Applying to college is essentially like selling a product–yourself.
Think of it this way: colleges want to get to know you. That’s why they have you fill out forms, write essays, and interview. But like with cereal brands, car models, and other products, colleges have options to choose from. Thus, it’s important to understand how to sell yourself in the college application process.
Here are five ways to sell yourself to a college and convince them to invest in you.
Like cereal brands, college applicants are generally pretty similar. While one box may have a leprechaun on the front and other a tiger, in the end, they’re both sugary breakfast products. That’s why it’s important to create a brand for yourself to differentiate yourself from other applicants. Obviously you can’t create your own packaging or motto, but try and think of an overarching story for yourself. What makes you who you are? What defines you? What are your passions? I chose to write about my family for my Common App essay, as I felt that they were very central to who I am. If your passion is clarinet, then write about that.
Admissions officers read hundreds of applications. Unfortunately, there will be many students who ran cross country, debated, played the violin, etc. While you may have similar activities to other applicants, there are certainly ways to differentiate yourself. Think about how your different activities overlap and how you apply your skills from one thing to another. For example, if you do both piano and Science Olympiad, think about how those activities fit together. I personally wrote about how the nature of musical theatre made me a more motivated and disciplined student. However, just be sure not to be too cliche. Things like talking about about how soccer made you a better team player risk coming off as very banal.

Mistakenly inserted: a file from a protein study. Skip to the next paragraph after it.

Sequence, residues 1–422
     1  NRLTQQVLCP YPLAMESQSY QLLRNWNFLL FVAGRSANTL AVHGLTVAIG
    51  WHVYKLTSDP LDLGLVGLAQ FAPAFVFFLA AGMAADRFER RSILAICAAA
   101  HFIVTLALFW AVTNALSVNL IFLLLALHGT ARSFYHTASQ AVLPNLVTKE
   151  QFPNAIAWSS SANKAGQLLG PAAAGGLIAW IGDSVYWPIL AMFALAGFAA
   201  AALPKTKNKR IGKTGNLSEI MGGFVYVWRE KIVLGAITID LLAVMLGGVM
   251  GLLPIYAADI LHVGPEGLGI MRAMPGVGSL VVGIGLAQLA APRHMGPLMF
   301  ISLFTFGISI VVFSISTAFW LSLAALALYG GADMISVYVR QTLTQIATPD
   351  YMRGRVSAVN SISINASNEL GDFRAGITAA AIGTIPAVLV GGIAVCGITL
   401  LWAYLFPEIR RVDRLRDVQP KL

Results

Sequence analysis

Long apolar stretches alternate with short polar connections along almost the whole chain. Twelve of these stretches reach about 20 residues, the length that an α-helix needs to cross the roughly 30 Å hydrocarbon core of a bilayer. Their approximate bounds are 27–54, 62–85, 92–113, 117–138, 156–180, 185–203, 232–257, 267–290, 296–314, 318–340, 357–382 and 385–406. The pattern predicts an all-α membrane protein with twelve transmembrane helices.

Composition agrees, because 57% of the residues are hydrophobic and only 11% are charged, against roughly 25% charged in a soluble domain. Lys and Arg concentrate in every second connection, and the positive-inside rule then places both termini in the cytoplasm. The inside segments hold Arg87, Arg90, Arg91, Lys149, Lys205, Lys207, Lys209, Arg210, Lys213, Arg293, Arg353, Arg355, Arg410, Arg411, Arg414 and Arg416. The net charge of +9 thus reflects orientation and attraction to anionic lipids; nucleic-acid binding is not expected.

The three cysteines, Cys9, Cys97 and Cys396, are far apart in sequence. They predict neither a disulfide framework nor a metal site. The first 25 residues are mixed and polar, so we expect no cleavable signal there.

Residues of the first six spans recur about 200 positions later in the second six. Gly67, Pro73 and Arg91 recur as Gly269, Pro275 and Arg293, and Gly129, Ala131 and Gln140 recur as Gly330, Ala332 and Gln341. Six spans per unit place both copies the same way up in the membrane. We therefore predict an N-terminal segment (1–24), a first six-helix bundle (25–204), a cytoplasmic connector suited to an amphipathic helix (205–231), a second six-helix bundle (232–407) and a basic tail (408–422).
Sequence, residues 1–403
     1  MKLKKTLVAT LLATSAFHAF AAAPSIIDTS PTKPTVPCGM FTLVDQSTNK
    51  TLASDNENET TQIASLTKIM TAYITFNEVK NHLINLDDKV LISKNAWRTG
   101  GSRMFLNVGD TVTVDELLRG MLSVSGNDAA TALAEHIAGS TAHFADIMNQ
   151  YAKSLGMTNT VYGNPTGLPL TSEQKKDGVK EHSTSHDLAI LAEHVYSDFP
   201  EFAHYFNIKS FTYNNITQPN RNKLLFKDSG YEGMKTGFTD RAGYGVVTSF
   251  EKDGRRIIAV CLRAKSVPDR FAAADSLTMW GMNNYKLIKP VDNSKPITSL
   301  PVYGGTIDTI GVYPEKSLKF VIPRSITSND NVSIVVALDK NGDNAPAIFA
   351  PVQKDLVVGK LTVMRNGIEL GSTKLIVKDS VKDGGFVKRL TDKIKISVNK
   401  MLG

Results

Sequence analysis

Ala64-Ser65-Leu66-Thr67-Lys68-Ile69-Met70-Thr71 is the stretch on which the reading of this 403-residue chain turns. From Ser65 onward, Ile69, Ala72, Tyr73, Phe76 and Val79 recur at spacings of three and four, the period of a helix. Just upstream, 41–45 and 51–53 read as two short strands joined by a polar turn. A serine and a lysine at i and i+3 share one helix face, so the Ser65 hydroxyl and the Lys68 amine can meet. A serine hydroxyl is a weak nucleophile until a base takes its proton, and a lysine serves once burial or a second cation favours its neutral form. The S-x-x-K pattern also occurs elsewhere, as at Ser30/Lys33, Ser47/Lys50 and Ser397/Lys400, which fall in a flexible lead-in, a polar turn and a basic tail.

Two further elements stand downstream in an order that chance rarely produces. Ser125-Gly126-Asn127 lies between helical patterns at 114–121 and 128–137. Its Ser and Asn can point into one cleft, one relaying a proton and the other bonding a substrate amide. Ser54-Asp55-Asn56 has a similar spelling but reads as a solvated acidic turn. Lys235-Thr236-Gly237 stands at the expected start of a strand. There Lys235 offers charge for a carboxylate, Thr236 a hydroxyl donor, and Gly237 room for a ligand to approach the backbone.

A good product is easy to use and understand. So too is a good college applicant. Admissions officers don’t have time to dedicate multiple hours to each application, so they’re going to look for a clear message and a clear brand (this goes back to the first point). Always go for quality over quantity. Colleges want to see that you’re involved, but if you list 12 different clubs you’re involved in, they’ll think you’re only doing things for your resume. Focus on your true passions and bring those out in your essays and interviews.
People are more likely to buy products with a good design and aesthetic. This is true of the application process as well. Not only should an essay be thoroughly proofread, but easy to read as well. Like any good essay, there should be variation in sentence structure and paragraph size. Resumes should generally be no more than a page and easy to read (check out this article for some helpful resume tips). Come to interviews dressed in business casual unless told otherwise. Always be formal in emails to colleges and interviewers.
No one wants to buy a car that doesn’t run or a pen that doesn’t write. Not only do colleges want to know that you can handle the rigor of their university, but that you’ve done the research. In other words, they want to know that your reasons for wanting to attend are more than just because of prestige. For the dreaded “Why College X?” essays, it’s important to be specific and creative. (More tips for these kinds of essays can be found here). You can also show your effectiveness through essays about activities. If you did something very novel or exciting, write about it! Just again make sure not to be too cliche. Think twice about writing about a volunteer experience unless it was very unique and truly impacted you.